Land Run

It was born all at once. It has a birthday: April 22, 1889. Noon. Precisely at that moment, history flipped a switch. Before, there was prairie. After, there was a city.

— Sam Anderson, Boomtown, 35-36

Land Rush.jpg

One of the first things you learn growing up in Oklahoma is how tornados happen. A cold front from the North meets a warm front from the South and they clumsily dance, stepping on each other’s toes and dropping shoes over the prairies, spinning desperately to a song without melody, in a dance without rhythm.

In their wake, they leave chaos.


High Points in the Life of

A.D. Wright

Son of William Halsted and Eliza Wright

When starting West I had no idea what I would do or whether I would stay or not. On arriving in Omaha I went to the hotel for a day or two, spending my time looking around the city.

Not liking the idea of not having anything to do, went to the Novelty Carriage Works and applied for a job in the paint department, and went to work. The next morning found a room with a private family, moved my trunk from the hotel, bought a meal ticket and was settled at least for the present.

While in Omaha the proclamation was issued opening the Oklahoma lands for settlement April 22, 1889. A colony was organized there, holding meetings quite often. I did not join but went to the meetings.

I finally made up my mind to go down to the big opening that so many people were talking about. And the 14th of April, gave up my job at the shop to get ready for Oklahoma.


The Land Run happened just like a tornado.

Settlers from the North traveled down and stationed themselves along the Kansas border. Settlers from the South traveled up and stationed themselves along the Texas border. Indian Territory—future Oklahoma—sat in the middle like a pressure cooker, waiting for something to give in, waiting for chaos to drop.


When I left Omaha there was eight to ten inches of snow on the ground. And during the day the snow melted and would run down the curbs and freeze up tight at night. Arriving in Arkansas City the grass was two or three inches high and much vegetation was coming out. It was sure a big contrast. We arrived in Arkansas City on Saturday…

All grocery, hardware and drug stores failed to lay in supplies enough to meet the demands or wants of the thousands that were camped in and about the city. Arkansas City doubtless had, on that morning of April 22, 1889, many times more people than it has had at any time since.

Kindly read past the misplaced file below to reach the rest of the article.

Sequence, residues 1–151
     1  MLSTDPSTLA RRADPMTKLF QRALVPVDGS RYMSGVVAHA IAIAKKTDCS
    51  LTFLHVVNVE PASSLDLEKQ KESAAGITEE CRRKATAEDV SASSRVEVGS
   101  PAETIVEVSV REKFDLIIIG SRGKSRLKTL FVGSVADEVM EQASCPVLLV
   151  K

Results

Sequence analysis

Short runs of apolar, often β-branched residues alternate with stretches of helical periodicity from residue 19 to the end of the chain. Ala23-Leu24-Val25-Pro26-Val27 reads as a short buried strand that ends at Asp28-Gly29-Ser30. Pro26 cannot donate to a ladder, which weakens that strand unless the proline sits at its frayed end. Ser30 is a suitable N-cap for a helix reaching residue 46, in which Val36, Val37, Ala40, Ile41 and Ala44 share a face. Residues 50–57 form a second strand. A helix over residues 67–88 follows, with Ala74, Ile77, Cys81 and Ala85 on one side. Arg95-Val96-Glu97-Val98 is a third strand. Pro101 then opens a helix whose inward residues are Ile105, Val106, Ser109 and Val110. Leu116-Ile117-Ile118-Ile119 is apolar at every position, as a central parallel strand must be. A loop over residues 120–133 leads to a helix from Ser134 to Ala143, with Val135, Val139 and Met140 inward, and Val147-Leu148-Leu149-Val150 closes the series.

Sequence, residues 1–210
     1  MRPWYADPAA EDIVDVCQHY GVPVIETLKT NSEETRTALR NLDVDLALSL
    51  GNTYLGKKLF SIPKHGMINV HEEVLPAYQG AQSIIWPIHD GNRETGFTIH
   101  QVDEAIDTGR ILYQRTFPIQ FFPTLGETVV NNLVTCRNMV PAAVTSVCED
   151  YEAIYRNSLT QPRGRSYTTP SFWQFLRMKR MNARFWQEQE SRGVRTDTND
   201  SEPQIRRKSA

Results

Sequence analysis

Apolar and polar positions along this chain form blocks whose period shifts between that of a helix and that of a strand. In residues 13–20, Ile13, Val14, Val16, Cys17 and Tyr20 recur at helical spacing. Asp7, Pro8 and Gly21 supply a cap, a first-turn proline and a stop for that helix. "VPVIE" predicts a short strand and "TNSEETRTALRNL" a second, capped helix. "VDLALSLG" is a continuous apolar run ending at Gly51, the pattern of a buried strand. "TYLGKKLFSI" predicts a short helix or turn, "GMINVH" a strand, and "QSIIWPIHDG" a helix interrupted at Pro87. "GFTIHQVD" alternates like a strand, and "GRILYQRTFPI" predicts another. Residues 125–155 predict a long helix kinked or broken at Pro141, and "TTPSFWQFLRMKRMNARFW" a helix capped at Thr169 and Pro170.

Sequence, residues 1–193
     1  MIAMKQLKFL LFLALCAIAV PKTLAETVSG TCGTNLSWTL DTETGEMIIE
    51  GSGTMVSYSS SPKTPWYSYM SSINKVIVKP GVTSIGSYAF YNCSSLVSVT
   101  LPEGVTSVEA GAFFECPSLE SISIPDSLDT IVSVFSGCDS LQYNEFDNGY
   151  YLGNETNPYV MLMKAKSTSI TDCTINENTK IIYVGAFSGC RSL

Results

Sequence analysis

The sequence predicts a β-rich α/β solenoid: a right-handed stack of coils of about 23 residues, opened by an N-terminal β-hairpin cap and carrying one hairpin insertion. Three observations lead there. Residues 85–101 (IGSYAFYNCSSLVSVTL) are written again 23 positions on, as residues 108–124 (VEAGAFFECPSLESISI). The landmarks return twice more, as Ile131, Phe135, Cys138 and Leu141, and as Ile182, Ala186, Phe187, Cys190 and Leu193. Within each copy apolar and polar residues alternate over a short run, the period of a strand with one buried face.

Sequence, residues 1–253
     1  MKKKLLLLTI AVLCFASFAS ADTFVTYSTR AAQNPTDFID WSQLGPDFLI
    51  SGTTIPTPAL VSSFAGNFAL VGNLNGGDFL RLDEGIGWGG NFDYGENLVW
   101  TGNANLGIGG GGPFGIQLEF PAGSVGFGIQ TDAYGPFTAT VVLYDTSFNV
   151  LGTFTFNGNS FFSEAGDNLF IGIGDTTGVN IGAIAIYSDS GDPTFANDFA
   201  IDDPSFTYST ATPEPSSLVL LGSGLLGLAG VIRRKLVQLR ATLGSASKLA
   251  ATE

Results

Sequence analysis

I got a seat on the east side of one of the cars, next to the window so I could get out quick when the train arrived at Guthrie. The coaches were so crowded the conductor could not get through to take up the tickets. This train reached Guthrie about 5:00 p.m. I threw my grip out the window and jumped. Went up the hill from the depot about the distance of two blocks. Stopped, looked north, east and south; it was a mass of humanity milling about and many tents were up and many going up and many frame buildings were being built. Looking west I saw some people wading across Cottonwood Creek, to get lots over on the west side of the townsite. Near where I was standing I saw two men I had met in Omaha, they had a tent up. Leaving my grip and blankets strapped to it with them I went over on the west side and staked a lot, which proved to be on Noble Ave.


Guthrie Train.jpg

The 1866 treaty had specifically prohibited white persons from going into Choctaw and Chickasaw territory except for railroad employees, travelers passing through, and white mechanics, teachers, and so forth employed in the nations. But the federal government was intent on extinguishing title to as much Indian land as it could. By its postwar treaties with the Creeks, Seminoles, ad Cherokees, it had acquired their western lands, supposedly for the settlement of Indian tribes, but when it did not assign any tribes to the area, white men clamored for it and Congress opened it to white settlement. In the great land run of 1889, some 50,000 settlers and speculators surged into the unassigned lands, creating the are that would become Oklahoma Territory. The wedge had been driven, and the nations were left to salvage what they could of their territory.
— The Choctaws in Oklahoma, 153

On April 22nd, 1889, as A.D. Wright jumped out of the train window in Guthrie, Oklahoma Territory, my great-great-great grandmother Margaret Russell was living in Indian Territory one hundred miles to the south.

She hadn’t yet received her land from the government. The Choctaw Nation was in the midst of lawsuits and debate with the federal government over who qualified as Choctaw and who didn’t. One by one by one they were being counted as individuals on individual land in the individual state of Oklahoma territory.

Dawes was winning.


On the night of the day of the lot sale we had a big Indian dance, the first I had ever seen. The Indians had a big bonfire and danced around and around it until some of them were worn out.


With those brief, two sentences, A.D. Wright encountered Native Americans for the first and only time mentioned in his account.